The most prestigious night on the film calendar, the Academy Awards perennially welcomes the biggest names in the industry to celebrate the year’s offerings on screen. For the Oscars 2020 (the 92nd event in the Academy’s history), the ceremony will revive last year’s winning no-host formula, and the countdown begins now. This is what we know so far.
Who are the nominees at the Oscars 2020?
All eyes were on the recent nominations to see if they followed the same lack of diversity across the awards season shortlists this year – and this was largely, and disappointingly, the case. Leading the pack is Todd Phillip’s Joker, which received 11 nods, followed by The Irishman, 1917 and Once Upon a Time in Hollywood (each with 10). The Best Actress category sees Cynthia Erivo nominated for Harriet, Scarlett Johansson for Marriage Story, Saoirse Ronan for Little Women, Charlize Theron for Bombshell and Renée Zellweger for Judy (for which she is tipped to take home the prize). The competition for Best Actor is expected to be close, with Antonio Banderas, Leonardo DiCaprio, Adam Driver, Joaquin Phoenix and Jonathan Pryce on the shortlist.
Best Picture will be a race between Once Upon a Time…, Little Women (though Greta Gerwig was overlooked in the all-male Best Director list), Marriage Story, Parasite, The Irishman, Jojo Rabbit, Joker, Ford v Ferrari and 1917. Florence Pugh garnered her first Academy Award nomination, for Best Supporting Actress in Little Women, while Tom Hanks received his first nod in almost 20 years – in the Best Supporting Actor category for A Beautiful Day In The Neighborhood.
What to expect from the Oscars 2020 ceremony
In line with the format of last year’s event, there will not be an overall host for the ceremony. Instead, the Academy will welcome an A-list line-up of presenters and performances to front the proceedings. Taking place at its usual Dolby Theatre location in Hollywood, on February 9, it will be broadcast live in the US on ABC, beginning at 5pm PT/8pm ET. (The red-carpet coverage will start an hour and a half earlier.) UK viewers are able to watch the ceremony via Sky Cinema and NOW TV.
Why are they called the Oscars?
The story of why the awards got their nickname is less clear-cut. One version is that Bette Davis, who was once president of the Academy, coined the term for her then husband, Harmon Oscar Nelson Jr. Another tale says that a newspaper reporter overheard Margaret Herrick, the Academy’s then librarian, saying that the statuette reminded her of her uncle Oscar, and published a story exhorting the moniker. Wherever it came from, it has certainly stuck.
Some of the most memorable Oscar moments have occurred in recent years: who can forget Ryan Gosling’s suppressed laughter as the cast and crew of La La Land discovered, while on stage to accept the award for best film in 2017, that the winner was in fact Moonlight? Then there was the 2014 selfie to beat all selfies, when host Ellen DeGeneres snapped herself with Meryl Streep, Bradley Cooper, Jennifer Lawrence, Jared Leto, Julia Roberts, Channing Tatum, Brad Pitt, Angelina Jolie and Lupita Nyong’o (plus Lupita’s brother, Peter Nyong’o). Go back a little further, to 1974, and the Oscars witnessed its very own streaker, as activist Robert Opel ran naked across the stage in front of host David Niven. And back in 1972, Charlie Chaplin received the longest-ever standing ovation, which lasted an incredible 12 minutes.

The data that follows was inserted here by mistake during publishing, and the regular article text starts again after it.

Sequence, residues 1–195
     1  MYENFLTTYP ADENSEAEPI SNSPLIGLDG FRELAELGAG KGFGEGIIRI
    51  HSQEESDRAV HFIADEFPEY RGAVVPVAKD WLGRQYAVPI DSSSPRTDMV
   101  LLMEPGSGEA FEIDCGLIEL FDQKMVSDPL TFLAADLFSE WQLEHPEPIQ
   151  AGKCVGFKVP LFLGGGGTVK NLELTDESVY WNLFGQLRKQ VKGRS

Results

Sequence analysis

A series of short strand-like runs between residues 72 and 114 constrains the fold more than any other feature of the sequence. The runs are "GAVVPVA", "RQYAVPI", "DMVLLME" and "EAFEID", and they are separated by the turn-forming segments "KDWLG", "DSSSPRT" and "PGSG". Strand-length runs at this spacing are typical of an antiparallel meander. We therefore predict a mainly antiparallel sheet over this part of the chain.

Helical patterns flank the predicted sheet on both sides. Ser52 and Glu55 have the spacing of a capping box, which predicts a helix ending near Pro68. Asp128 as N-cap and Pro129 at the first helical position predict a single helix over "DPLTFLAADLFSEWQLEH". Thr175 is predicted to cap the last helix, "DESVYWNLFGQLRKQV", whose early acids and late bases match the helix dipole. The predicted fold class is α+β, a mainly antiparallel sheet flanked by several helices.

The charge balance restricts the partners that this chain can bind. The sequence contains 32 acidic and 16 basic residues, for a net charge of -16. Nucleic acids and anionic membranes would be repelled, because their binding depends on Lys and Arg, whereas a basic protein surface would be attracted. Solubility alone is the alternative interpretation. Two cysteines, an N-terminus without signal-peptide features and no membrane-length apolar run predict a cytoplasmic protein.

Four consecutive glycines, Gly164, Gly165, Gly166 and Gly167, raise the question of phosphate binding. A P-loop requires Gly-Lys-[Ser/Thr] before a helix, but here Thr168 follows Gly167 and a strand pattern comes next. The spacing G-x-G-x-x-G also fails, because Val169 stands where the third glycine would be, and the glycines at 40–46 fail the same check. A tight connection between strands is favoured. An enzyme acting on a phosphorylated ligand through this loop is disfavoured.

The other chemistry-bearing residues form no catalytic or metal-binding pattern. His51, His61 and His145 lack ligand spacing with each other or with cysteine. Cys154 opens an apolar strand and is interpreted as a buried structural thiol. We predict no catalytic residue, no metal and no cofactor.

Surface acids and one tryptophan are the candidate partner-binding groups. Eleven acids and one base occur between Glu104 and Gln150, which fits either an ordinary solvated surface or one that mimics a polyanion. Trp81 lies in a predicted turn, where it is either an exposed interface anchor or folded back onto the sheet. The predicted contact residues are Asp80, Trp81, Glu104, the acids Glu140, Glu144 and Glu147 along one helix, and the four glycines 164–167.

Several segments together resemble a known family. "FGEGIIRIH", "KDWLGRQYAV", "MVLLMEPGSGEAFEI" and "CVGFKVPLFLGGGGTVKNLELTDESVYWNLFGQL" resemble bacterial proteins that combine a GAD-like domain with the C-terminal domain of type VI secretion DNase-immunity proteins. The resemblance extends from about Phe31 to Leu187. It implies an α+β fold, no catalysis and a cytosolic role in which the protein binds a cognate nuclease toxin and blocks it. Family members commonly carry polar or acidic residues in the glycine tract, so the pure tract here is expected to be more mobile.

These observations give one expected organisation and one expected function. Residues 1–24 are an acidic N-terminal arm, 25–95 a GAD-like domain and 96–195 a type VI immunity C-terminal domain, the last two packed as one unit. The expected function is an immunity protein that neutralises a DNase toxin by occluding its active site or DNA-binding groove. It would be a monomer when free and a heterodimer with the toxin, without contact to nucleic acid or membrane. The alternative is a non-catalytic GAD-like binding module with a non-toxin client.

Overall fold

Who rules the red carpet?
Although we’ll have to wait a bit longer to see who tops the style stakes in 2020, each year features a host of red-carpet winners. In 2019, pink was the color of choice for Gemma Chan, Angela Bassett, Kiki Layne, Kacey Musgraves and co-ordinating couple Jason Momoa and Lisa Bonet. Best Supporting Actress winner Regina King dazzled in a white Oscar de la Renta dress with a thigh-high split, and Best Song winner Lady Gaga channeled Audrey Hepburn in an Alexander McQueen black strapless gown and Tiffany diamond necklace. Meanwhile, actress Laura Harrier promoted sustainable fashion in a bespoke, ethically sourced dress by Louis Vuitton.
In previous years, special commendations go to: Audrey Hepburn in Givenchy, 1954; Grace Kelly in Edith Head, 1955; Julia Roberts in vintage Valentino, 2001; Charlize Theron in Gucci, 2004; Vanessa Paradis in vintage Chanel, 2004; Michelle Williams in Vera Wang, 2006; Marion Cotillard in Jean Paul Gaultier, 2008; Gwyneth Paltrow in Tom Ford, 2012; Halle Berry in Versace and Jennifer Lawrence in Dior, 2013; Lupita Nyong’o in Prada, 2014; Saoirse Ronan in Calvin Klein, 2018.
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In terms of winners, there have been only six tied votes during the history of the ceremony, one of the most memorable being when Barbra Streisand and Katharine Hepburn shared the honors in 1969, for Funny Girl and The Lion in Winter respectively. Hepburn is also the recipient of the most Oscars for acting, with four wins and a total of 12 nominations – nominations – Meryl Streep is just behind her on three wins from 21 nominations. But Walt Disney holds the record for taking home the most Oscar statuettes: 26 wins from an impressive total of 59 nominations.
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